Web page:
Therefore, since we have been justified through faith, we have peace with God through Jesus Christ through whom we have gained access by faith into this grace that we now stand.

James Merritt, in his Collected Sermons, remarks that when a merchant ship of any size, enters a port, it takes on board what is called a pilot. In fact, we often see the pilot cutter rushing past Broughty on its way to some vessel entering the Tay Estuary. Well this pilot knows the waters of his or her port backwards, he knows the length of it and he knows the depth of it. He knows where the hazards are. He knows where the tides and currents are; what direction they flow in and how strong they are. When this master mariner comes on board then, he takes control of the ship, and he gives the orders for its safe navigation. Put simply, he is an outside expert who is brought in to make sure that ship docks with certainty.

Well, we to have a pilot in our lives. We have a gift of God in our lives. We too have a guide to safe harbour in our lives. And it is the Bible. For God can only be known to the extent he reveals himself. Certainly, we have no way of knowing otherwise. And the clearest way of him revealing himself is in the pages of the bible. Similarly, we can know nothing of Jesus without the Bible. And so again the Bible reveals his gospel and the way to Christian living. Finally, it is in the keeping of the Bible central to our community of the church that we ensure we have its moral compass and upright companionship.

Let then, every Christian prize this gift from God; let every Christian be obedient to its guidance. And let every Christian make it a basis for all that is said and done. Because it is only then that our Bible’ story will ring out again in our daily living.

Amen

Creating with God


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Psalm 8

Galatians 3.23-4.7

We have all seen them. It the headline on the tabloids – Man plays God. And usually this purple prose accompanies some breakthrough in medicine or biology. Take the latest such utterance. It was when scientists recently copied some DNA from one cell and replaced into another. Personally, I am not sure that a Chinese copy of a Rembrandt makes it a Rembrandt. Yet the newspapers and news channels blared out their siren warning of Armageddon – Man plays God.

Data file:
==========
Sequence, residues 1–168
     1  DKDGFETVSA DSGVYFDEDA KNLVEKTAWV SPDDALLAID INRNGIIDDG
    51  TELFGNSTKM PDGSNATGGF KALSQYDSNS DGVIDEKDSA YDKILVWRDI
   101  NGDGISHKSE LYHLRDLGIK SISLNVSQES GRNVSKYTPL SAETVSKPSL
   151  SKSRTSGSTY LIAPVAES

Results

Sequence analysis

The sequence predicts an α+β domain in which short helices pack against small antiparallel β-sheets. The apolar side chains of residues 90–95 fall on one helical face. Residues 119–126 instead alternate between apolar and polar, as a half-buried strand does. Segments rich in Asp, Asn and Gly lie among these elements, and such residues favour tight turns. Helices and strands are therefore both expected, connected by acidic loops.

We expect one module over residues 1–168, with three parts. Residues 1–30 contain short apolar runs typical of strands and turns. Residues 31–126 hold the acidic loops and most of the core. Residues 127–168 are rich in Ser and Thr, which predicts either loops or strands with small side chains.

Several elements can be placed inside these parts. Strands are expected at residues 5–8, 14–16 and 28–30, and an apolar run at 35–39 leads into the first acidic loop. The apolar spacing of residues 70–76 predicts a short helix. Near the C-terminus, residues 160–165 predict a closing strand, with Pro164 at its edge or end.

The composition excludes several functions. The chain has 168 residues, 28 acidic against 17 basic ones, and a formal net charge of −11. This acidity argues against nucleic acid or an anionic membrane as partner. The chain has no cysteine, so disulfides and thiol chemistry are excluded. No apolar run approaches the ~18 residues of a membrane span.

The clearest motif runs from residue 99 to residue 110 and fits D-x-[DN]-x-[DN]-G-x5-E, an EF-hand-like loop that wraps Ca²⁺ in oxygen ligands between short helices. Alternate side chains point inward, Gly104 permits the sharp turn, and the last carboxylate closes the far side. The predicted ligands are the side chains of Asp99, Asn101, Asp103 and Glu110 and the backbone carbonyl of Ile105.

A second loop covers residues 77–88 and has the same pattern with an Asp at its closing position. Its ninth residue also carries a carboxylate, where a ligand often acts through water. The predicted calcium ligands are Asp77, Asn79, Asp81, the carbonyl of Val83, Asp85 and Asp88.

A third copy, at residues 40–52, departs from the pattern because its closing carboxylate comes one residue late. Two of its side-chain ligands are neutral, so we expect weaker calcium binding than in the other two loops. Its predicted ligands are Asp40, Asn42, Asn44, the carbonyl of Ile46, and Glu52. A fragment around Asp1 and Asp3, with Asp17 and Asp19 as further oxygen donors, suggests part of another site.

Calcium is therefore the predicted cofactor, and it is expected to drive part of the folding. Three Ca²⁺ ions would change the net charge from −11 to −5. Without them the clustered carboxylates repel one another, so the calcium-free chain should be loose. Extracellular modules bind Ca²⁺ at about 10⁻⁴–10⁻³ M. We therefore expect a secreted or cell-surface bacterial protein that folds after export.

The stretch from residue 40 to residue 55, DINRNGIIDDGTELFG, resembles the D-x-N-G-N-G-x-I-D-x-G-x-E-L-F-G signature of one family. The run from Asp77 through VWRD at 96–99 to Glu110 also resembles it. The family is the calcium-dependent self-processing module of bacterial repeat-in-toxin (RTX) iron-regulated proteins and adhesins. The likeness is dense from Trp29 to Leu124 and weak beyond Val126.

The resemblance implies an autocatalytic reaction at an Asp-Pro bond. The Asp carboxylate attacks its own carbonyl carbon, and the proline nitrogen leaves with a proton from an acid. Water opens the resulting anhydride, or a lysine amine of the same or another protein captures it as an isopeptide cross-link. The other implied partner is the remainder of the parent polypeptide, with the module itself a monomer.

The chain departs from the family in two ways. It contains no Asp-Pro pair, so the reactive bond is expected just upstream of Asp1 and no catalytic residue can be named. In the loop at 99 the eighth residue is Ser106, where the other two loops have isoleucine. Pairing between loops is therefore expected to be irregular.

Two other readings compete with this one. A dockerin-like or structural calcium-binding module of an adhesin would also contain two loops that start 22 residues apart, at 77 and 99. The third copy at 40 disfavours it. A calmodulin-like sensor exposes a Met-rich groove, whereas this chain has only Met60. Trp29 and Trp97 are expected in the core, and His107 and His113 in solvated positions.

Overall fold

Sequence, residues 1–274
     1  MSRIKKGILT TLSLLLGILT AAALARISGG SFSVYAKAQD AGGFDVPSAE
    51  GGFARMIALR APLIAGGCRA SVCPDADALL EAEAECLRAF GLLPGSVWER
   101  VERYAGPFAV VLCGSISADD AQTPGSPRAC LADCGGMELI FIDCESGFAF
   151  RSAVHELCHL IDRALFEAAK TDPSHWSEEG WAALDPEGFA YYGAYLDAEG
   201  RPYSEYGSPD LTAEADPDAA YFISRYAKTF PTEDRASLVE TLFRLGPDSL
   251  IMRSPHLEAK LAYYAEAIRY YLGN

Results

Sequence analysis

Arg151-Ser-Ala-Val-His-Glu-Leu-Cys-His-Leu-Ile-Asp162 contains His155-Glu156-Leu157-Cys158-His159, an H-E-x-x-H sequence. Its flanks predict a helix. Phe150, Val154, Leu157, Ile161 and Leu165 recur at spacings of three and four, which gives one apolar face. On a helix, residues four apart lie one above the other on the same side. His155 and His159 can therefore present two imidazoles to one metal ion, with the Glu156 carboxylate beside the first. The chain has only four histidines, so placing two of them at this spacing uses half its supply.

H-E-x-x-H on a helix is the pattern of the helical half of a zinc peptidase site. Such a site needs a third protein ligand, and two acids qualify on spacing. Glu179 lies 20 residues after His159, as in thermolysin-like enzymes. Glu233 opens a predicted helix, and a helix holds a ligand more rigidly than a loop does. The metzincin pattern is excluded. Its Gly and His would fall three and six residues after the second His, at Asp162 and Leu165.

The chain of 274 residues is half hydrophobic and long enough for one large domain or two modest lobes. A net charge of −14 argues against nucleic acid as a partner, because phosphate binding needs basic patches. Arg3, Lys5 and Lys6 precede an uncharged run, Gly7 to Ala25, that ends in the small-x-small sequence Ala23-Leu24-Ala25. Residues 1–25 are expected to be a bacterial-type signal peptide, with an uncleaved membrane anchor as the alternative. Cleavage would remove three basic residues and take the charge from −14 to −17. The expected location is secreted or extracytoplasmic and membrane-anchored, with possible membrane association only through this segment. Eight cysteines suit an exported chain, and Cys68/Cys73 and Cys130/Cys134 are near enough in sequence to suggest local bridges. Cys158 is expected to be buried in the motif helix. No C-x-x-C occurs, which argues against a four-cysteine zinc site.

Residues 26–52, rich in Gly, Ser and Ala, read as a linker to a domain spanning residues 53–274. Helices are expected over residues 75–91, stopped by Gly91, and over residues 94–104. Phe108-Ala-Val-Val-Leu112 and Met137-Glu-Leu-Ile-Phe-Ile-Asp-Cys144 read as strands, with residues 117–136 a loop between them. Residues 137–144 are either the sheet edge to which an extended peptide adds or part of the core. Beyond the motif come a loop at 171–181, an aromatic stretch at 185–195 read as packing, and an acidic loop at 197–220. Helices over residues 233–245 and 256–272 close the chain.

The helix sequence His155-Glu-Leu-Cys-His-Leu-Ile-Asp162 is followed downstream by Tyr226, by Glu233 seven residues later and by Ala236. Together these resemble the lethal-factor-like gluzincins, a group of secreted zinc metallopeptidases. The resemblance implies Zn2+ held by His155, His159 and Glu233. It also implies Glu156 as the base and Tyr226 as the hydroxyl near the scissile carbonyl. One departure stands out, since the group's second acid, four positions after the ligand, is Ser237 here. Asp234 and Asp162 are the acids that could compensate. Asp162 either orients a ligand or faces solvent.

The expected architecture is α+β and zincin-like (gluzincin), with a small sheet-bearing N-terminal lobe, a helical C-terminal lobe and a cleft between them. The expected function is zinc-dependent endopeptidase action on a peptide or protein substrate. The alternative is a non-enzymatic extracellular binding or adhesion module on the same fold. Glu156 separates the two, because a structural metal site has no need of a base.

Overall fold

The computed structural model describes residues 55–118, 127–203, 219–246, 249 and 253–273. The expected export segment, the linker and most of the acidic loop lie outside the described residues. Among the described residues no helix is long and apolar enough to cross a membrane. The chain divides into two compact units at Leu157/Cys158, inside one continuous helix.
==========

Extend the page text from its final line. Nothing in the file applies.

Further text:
Now whilst we humans have neither right nor probably any realistic chance of playing God, can we in any way help God? Do we have a part to play in his creativity?  And the answer is – yes we can. For scripture, carefully read and with an open mind, does say that humans are called to help God in his creation. In fact, they called to be co-creators. And it is this opportunity and responsibility which form the gift of God we will look at today; the gift of being creative as part of divine creativeness.

Many years ago, I heard of a famous Scottish preacher who, on the day of his ordination, had his much cherished piano removed from his home. That was in case it became a distraction from his ministry. I always find that a bit sad. For surely, we easily glimpse the hand of God in a Mozart concerto or in a Michelangelo painting or just in a beautifully fiery sunset. Because in encountering true beauty just as much as with real goodness we should feel closer to God; we should feel inheritors of something of his creative gift; we should start to understand the wonderfully generous gift of being imaginative daughters and sons of God.

Let us then go about our daily routine more carefully looking for created beauty; let us more often allow our minds to be enlivened by anything made wonderfully; let us never forget to worship God when we find something created with God’s glory in mind . Moreover, let us never stop opening our hearts to the magnificence of divine creativity. For Moira Lipmann’s husband, the playwright Jack Leventhal, said just before his death when being wheeled through a park – look – it’s all so wonderful.